During the quarter we completed the installation of Imagine, the core of our automated straight-
through processing system. Imagine has enabled us to meaningfully reduce the work load in our
back office while improving compliance monitoring and error identification.

We are in the initial phase of implementing a document and records management system,
iManage. Courtney Leonardo has moved from Investor Relations to a new role in our legal
department where she will manage the implementation and subsequent administration of this

We recently finalized our prime brokerage documentation with UBS and transferred a portion of
our main funds and substantially all of Pershing Square IV’s assets to UBS.

Annual Investor Dinner and Operational Due Diligence Meeting

All investors should have received an invitation to our Annual Investor Dinner which will be
held on January 28, 2010 at the New York Public Library. We are looking forward to seeing you
there. We will also host an operational due diligence review several hours before the dinner for
all investors who care to attend. We chose to separate the operational and investment discussions
based on feedback from many of you. We believe that the operational due diligence meeting
will provide a better forum for addressing specific questions you may have about our operations,
and it will shorten the length of the evening program.

Organizational Update

We recently made two additions to the investor relations team. Ruth Wang joined us from Credit
Suisse where she was an investment banking analyst in the Financial Institutions Group.
Initially, Ruth has taken on Courtney Leonardo’s responsibilities in client administration; over
time we expect she will make other important contributions to the team. Rosa Wilson joined in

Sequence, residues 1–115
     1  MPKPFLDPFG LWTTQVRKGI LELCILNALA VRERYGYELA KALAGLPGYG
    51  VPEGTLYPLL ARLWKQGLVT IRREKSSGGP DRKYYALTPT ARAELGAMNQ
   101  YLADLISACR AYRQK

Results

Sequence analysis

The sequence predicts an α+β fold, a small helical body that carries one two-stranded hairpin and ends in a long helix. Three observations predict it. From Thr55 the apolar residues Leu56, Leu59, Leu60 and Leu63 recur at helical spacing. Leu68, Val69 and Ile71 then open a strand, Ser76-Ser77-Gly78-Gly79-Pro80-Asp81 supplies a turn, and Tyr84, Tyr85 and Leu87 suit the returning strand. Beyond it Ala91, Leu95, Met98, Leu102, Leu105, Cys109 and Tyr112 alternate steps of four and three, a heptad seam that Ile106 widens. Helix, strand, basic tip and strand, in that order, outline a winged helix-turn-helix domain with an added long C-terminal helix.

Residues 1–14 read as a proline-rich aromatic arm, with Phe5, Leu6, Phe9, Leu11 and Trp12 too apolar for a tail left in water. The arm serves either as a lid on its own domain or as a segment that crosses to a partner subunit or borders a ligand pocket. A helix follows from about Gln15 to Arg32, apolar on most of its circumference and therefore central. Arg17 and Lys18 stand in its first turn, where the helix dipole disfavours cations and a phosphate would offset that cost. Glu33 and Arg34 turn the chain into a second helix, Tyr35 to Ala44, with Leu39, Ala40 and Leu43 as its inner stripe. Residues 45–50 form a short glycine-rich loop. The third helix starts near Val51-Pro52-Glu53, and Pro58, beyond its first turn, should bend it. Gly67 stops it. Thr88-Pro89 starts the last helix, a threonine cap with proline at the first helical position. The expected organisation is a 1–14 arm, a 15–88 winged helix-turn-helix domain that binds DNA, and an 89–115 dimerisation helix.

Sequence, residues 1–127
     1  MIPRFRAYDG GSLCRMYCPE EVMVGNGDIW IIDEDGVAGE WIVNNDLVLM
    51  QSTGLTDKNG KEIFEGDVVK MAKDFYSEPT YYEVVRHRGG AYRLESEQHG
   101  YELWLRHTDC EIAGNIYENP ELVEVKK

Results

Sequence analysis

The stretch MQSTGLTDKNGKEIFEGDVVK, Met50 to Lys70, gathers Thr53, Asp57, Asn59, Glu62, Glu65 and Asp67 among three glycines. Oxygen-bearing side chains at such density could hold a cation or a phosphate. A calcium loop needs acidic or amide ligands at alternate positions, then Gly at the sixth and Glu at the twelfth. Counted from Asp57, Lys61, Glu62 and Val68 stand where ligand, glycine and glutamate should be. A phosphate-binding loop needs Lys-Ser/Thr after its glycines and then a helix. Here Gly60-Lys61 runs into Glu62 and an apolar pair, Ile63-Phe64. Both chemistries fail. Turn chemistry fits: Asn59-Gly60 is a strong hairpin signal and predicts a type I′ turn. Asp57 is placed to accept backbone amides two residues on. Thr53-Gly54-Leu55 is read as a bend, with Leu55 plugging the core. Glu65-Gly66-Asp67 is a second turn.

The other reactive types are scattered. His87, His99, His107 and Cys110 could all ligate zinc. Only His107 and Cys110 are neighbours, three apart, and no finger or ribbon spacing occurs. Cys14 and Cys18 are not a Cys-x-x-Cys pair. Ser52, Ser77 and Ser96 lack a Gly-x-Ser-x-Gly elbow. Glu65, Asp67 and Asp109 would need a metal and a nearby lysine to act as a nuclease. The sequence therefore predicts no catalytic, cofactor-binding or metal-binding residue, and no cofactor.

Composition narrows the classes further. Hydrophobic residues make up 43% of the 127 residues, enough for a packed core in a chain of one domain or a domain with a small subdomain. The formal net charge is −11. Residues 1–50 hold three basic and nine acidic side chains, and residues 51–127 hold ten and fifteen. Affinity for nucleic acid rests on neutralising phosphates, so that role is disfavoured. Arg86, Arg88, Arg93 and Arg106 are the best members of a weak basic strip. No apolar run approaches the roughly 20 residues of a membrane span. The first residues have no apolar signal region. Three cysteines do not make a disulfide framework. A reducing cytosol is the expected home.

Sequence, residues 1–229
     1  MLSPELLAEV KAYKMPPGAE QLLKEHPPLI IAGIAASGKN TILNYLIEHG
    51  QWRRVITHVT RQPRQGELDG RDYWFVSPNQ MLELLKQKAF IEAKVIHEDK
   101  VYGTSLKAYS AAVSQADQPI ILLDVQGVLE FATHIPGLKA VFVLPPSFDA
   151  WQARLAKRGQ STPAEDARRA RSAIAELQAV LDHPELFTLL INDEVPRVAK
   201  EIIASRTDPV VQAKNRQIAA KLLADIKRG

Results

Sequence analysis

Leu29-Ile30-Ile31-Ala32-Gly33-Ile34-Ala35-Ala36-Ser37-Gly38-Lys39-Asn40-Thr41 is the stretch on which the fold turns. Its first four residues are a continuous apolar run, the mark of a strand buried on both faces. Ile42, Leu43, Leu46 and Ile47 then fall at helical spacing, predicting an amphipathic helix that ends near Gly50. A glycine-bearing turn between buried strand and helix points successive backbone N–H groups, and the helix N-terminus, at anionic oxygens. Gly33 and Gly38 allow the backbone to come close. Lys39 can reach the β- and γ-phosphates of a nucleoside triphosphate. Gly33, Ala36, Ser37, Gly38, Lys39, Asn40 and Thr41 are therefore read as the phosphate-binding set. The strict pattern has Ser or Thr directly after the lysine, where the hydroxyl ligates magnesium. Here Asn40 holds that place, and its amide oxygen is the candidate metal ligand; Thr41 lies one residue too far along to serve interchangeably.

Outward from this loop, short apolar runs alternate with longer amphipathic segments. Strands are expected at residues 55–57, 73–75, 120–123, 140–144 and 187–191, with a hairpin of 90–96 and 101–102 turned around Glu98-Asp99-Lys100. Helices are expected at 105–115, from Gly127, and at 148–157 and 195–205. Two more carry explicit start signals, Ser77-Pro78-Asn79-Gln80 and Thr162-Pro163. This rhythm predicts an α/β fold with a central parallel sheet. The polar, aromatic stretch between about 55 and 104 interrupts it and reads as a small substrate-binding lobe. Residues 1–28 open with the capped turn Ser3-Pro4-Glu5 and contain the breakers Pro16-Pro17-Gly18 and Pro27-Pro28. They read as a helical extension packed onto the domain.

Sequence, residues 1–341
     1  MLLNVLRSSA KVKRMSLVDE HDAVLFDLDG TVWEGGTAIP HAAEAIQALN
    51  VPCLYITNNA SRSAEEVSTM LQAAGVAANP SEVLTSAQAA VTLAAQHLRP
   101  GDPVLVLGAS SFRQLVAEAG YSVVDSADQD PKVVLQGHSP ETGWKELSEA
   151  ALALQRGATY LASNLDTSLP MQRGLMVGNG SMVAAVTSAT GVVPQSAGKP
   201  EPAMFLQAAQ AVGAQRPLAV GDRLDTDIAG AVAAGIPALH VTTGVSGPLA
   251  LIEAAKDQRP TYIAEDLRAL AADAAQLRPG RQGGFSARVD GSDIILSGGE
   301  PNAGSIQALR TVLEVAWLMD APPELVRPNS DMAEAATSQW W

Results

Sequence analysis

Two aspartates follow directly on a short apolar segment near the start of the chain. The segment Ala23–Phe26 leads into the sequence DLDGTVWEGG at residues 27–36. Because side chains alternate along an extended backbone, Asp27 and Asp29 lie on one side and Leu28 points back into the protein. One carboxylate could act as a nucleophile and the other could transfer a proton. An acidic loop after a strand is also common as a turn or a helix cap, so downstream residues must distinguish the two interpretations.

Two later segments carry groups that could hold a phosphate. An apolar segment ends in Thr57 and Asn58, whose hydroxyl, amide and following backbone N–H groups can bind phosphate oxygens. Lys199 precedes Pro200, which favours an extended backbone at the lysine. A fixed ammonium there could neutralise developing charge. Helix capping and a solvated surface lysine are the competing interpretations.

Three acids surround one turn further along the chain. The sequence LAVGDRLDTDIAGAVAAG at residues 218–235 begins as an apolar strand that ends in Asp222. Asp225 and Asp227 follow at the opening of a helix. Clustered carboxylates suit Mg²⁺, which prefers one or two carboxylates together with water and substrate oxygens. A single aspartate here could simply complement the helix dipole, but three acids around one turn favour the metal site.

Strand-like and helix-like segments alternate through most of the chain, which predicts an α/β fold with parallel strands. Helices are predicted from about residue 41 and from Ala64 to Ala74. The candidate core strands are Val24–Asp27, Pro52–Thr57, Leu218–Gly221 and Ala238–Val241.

an administrative role after six years at Pequot Capital. In that our employees represent Pershing
Square’s ultimate competitive advantage, we are delighted at the quality of personnel that we
have been able to attract.

Please feel free to contact me or any member of the investor relations team if you have any
further questions.


William A. Ackman

Additional Disclaimers and Notes to Performance Results

The performance results shown on the first page of this letter are presented on a gross and net-of-
fees basis and reflect the deduction of, among other things: management fees, brokerage
commissions, administrative expenses, and accrued performance allocation, if any. Net
performance includes the reinvestment of all dividends, interest, and capital gains; it assumes an
investor that has been in the funds since their respective inception dates and participated in any
“new issues.” Depending on the timing of a specific investment and participation in “new
issues,” net performance for an individual investor may vary from the net performance as stated
herein. Performance data for 2009 is estimated and unaudited.

The inception date for Pershing Square, L.P. is January 1, 2004. The inception date for Pershing
Square II, L.P. and Pershing Square International Ltd. is January 1, 2005. The performance data
presented on the first page of this letter for the market indices under “since inception” is
calculated from January 1, 2004.

The market indices shown on the first page of this letter have been selected for purposes of
comparing the performance of an investment in the Pershing Square funds with certain well-
known, broad-based equity benchmarks. The statistical data regarding the indices has been
obtained from Bloomberg and the returns are calculated assuming all dividends are reinvested.
The indices are not subject to any of the fees or expenses to which the funds are subject. The
funds are not restricted to investing in those securities which comprise any of these indices, their
performance may or may not correlate to any of these indices and it should not be considered a
proxy for any of these indices.

Past performance is not necessarily indicative of future results. All investments involve risk
including the loss of principal. This letter is confidential and may not be distributed without the
express written consent of Pershing Square Capital Management, L.P. and does not constitute a
recommendation, an offer to sell or a solicitation of an offer to purchase any security or
investment product. Any such offer or solicitation may only be made by means of delivery of an
approved confidential private offering memorandum.

This letter contains information and analyses relating to some of the Pershing Square funds’
positions during the period reflected on the first page. Pershing Square may currently or in the
future buy, sell, cover or otherwise change the form of its investment in the companies discussed
in this letter for any reason. Pershing Square hereby disclaims any duty to provide any updates
or changes to the information contained here including, without limitation, the manner or type of
any Pershing Square investment.